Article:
Don't Expect to See Many Deleted Scenes From 'Avengers: Endgame'

Much ado has been made about the three-hour runtime of Avengers: Endgame, with some people [...]

Much ado has been made about the three-hour runtime of Avengers: Endgame, with some people complaining about the length while other fans wonder why it's not longer. But it sounds like directors Joe and Anthony Russo have found the right length for the epic end of the Infinity Saga, serving as the culmination of the Marvel Cinematic Universe thus far.

While speaking with Collider, the Russo Brothers said they didn't leave a lot for the cutting room floor while editing Avengers: Endgame, indicating that fans should not expect to see a lot of deleted scenes when the film releases on home video later this year.

"This is a weird one; we've been working on this movie for well over a year in editorial because we had finished it in 2018," said Joe, "And it literally hasn't moved maybe more than two minutes from its original runtime of the directors' cut. It's just a tough one, there's a lot of story in it. And we like emotional stakes that require screen time."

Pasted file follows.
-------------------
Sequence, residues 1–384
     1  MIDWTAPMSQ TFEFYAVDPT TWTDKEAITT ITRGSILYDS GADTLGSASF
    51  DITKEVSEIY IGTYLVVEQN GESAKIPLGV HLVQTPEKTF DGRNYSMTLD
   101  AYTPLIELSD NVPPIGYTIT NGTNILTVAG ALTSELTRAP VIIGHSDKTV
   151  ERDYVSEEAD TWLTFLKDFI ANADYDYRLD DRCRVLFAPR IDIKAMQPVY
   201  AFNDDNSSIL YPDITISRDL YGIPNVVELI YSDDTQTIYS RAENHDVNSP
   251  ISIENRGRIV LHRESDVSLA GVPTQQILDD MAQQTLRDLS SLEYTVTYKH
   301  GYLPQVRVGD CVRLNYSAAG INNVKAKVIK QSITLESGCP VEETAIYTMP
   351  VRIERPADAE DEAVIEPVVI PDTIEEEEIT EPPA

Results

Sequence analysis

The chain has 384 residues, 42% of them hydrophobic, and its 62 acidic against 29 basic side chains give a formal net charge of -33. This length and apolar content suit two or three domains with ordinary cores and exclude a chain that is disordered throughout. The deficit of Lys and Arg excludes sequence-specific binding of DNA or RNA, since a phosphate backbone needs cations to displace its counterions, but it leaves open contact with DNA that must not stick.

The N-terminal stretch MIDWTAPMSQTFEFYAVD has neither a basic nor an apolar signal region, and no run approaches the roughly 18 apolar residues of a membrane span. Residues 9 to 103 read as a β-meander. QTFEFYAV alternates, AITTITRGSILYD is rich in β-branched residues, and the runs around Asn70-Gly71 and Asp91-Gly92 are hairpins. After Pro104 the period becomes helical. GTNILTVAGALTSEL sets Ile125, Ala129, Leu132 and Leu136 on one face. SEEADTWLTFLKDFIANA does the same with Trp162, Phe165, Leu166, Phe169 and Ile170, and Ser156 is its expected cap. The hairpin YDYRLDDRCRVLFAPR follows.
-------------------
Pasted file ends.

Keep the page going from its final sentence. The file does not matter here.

When joking about a four-hour version of Avengers: Endgame, Joe revealed that they don't have enough footage or story to reach that lengthy runtime.

"We have almost everything in this movie that we shot," Joe said.

Anthony added, "We love tight, propulsive storytelling. We like movies that are very dense in what they're offering you moment to moment so that when you revisit them, there's more there to keep chewing on. We try to structure movies that are very tight, and this is a tight three hours."

When asked about deleted scenes specifically, Joe revealed "there's a handful, there's not a ton of them."

The directors previously spoke with about the movie's length, attributing the pacing and storytelling to the screenwriting team of Stephen McFeely and Christopher Markus.

"[Fitting everything into the run time] was very much worked out on the script level with Markus and McFeely," Joe told us. "We spent a long time with them exploring all the possibilities and honing down on what the essential storytelling was. That's such a complex question. You can't really be dealing with that once you get to production. That's definitely a script issue."

"Yeah, focus and discipline is what it comes down to," Anthony added. "We like to keep the stories propulsive. It was painful for us to come in at three hours, but we just couldn't get the story down from that."

Avengers: Endgame premieres in theaters on April 26th.


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